NEWS ITEM #3: The film version of McCarthy’s devastating apocalyptic novel, The Road, now has a firm release date (October 16) and an official trailer. Only two and a half minutes long, but still extremely unsettling:
The morning after her big Edgar win, Meg Gardiner (The China Lake), describes herself as "dazed and excited and sleep-deprived." Check out her blog posts and photos from the ceremony here. Who knew the Edgar statuette was so adorable?
The Mystery Writers of America were celebrating in New York City last night! In addition to hosting their annual gala to honor the winners of the Edgar Allan Poe Awards (more simply known as “The Edgars”), the WMA were celebrating the 200th anniversary of the birth of their awards’ namesake—Edgar Allan Poe.
Here are some highlights from the 2009 awards for best in mystery fiction, non-fiction, television and film published or produced in 2008. For a complete list of results, and more information on The Edgars, click here.
Blue Heaven by C.J. Box (St. Martin’s Minotaur)
Read a BookPage interview with C.J. Box here.
BEST FIRST NOVEL BY AN AMERICAN AUTHOR
The Foreigner by Francie Lin (Picador)
BEST PAPERBACK ORIGINAL
China Lake by Meg Gardiner (New American Library – Obsidian Mysteries)
Check out BookPage’s review of another Gardiner book.
BEST FACT CRIME
American Lightning: Terror, Mystery, the Birth of Hollywood, and the Crime of the Century by Howard Blum (Crown Publishers)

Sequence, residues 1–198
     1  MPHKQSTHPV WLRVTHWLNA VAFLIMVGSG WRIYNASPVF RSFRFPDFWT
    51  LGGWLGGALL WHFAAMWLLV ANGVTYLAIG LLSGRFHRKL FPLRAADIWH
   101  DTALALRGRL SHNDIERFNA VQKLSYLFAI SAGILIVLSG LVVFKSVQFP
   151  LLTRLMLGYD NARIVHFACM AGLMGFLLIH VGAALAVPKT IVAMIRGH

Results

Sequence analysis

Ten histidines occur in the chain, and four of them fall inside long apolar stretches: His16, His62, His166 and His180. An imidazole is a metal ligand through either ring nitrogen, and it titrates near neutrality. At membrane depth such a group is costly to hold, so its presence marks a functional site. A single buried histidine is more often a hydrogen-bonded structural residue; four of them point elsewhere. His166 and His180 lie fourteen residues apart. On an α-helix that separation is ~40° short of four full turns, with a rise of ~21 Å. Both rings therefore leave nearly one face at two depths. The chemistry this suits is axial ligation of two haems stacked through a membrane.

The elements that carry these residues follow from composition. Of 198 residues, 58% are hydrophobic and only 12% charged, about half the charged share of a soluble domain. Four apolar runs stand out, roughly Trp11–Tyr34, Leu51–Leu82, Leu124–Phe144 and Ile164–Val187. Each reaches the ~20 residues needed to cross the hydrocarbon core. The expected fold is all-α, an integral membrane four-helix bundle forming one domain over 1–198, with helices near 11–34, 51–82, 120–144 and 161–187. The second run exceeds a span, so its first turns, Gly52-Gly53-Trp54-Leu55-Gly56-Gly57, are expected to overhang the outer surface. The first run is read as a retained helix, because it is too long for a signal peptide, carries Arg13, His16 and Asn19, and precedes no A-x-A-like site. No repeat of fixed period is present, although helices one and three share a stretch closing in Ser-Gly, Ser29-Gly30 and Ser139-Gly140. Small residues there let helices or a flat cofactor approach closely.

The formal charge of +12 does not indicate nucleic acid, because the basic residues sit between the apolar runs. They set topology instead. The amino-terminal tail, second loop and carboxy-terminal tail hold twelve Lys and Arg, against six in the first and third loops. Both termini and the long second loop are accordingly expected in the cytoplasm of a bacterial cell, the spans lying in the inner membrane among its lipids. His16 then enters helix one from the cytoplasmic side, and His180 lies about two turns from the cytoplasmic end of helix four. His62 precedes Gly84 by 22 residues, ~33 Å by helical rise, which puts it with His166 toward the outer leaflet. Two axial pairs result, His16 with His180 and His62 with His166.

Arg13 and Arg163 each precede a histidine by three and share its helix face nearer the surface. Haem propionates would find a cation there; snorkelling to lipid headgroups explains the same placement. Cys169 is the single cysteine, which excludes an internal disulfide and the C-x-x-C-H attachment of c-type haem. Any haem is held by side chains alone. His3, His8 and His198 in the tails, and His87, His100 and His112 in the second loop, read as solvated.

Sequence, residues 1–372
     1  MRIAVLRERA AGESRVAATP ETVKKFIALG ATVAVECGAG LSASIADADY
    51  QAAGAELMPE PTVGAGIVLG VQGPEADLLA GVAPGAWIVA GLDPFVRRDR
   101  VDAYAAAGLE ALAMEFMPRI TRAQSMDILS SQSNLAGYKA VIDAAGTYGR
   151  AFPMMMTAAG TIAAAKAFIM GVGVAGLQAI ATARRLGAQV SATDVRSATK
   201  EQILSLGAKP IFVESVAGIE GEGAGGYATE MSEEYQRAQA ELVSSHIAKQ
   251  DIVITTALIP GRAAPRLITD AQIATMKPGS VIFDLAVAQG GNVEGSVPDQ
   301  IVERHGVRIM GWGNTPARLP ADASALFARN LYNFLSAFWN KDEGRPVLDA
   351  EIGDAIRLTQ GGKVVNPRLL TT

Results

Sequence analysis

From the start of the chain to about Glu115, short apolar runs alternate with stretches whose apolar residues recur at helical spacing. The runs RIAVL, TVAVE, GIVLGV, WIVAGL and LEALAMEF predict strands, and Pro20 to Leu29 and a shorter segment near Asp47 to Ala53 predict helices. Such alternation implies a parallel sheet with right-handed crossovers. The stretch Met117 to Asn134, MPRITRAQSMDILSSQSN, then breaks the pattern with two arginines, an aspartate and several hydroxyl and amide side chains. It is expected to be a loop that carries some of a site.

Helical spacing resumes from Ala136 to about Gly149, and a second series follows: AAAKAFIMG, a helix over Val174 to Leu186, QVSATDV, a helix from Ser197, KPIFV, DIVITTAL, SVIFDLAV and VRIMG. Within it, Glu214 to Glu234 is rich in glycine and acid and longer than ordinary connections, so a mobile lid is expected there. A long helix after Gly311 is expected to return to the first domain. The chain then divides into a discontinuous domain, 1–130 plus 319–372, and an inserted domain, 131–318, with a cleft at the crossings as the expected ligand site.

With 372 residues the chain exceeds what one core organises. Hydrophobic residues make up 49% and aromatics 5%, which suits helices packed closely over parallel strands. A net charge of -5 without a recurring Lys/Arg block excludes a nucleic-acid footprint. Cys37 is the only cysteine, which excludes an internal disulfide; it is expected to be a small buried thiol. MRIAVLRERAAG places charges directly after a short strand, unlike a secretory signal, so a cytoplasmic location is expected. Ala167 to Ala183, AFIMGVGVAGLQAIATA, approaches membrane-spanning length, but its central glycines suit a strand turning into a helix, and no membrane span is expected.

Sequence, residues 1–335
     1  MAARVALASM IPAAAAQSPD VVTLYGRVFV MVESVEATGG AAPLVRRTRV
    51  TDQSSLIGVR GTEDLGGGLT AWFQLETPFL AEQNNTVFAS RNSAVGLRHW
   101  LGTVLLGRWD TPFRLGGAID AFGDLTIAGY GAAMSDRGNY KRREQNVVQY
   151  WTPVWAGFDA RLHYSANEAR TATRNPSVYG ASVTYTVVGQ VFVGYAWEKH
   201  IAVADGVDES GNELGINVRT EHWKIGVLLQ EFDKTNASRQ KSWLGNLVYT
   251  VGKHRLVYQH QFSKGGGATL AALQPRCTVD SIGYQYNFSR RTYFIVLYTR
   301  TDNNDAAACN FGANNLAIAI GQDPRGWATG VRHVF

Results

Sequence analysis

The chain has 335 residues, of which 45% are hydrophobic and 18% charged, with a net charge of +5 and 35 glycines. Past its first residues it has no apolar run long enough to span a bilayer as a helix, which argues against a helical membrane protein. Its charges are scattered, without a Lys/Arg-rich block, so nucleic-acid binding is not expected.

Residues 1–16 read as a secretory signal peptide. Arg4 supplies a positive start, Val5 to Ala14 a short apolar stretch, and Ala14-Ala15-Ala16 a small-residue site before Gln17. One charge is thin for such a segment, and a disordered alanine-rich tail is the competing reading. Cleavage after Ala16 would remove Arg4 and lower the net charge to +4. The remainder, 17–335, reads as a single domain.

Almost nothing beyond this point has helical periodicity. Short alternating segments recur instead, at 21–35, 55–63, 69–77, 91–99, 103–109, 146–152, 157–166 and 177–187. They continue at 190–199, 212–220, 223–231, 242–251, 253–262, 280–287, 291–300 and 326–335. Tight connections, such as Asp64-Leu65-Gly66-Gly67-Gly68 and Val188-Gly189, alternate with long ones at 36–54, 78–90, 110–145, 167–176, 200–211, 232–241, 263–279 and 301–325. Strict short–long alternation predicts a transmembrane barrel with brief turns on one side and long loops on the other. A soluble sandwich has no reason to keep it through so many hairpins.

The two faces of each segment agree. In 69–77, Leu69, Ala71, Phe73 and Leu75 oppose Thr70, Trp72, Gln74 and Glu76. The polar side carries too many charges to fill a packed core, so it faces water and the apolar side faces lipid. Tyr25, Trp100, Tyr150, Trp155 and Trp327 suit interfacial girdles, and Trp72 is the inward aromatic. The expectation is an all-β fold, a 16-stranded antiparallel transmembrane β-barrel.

BEST YOUNG ADULT
Paper Towns by John Green (Penguin Young Readers Group – Dutton Children’s Books)
See our review of Paper Towns here.
BEST MOTION PICTURE SCREENPLAY
In Bruges, screenplay by Martin McDonagh (Focus Features)
Have you read any of the winning books? Who do you think was overlooked? Any predictions for the 2010 Edgar Awards?
Ursula Le Guin won the Nebula Award (her sixth by our count) for best novel at a ceremony Saturday night at UCLA. The Science Fiction and Fantasy Writers of America chose Le Guin's Powers, the third book in the Annals of the Western Shore series, for the top honor. Interestingly, the novel is aimed at young adult readers, as is another Nebula finalist, Cory Doctorow's Homeland Security thriller Little Brother. Can we take this as another indicator that some of the most imaginative fiction being published today is in the YA market?
The winner of the Andre Norton Award for young adult science fiction and fantasy went to Ysabeau S. Wilce for Flora's Dare, a wild romp of a book, which has one of the longest subtitles we've seen lately: How a Girl of Spirit Gambles All to Expand Her Vocabulary, Confront a Bouncing Boy Terror, and Try to Save Califa from a Shaky Doom (Despite Being Confined to Her Room). For a look at the woman behind this fantastical vision, check out Kelly Link's 2007 BookPage interview with Wilce or the author's entertaining (and somewhat bizarre) website.
In 2007, a young, handsome and totally unknown writer named Joshua Ferris rocked the publishing scene with his brilliant debut novel And Then We Came to the End. Writing in a first-person-plural narrative, Ferris satirized the American workplace by exploring a fictional Chicago advertising agency at the end of the 90s Internet boom. The book won the PEN/Hemingway Award, was named one of the New York Times Book Review’s “10 Best Books of the Year” and became a finalist for the National Book Award. Not bad for a 32-year-old who worked in—you guessed it—advertising before turning to writing.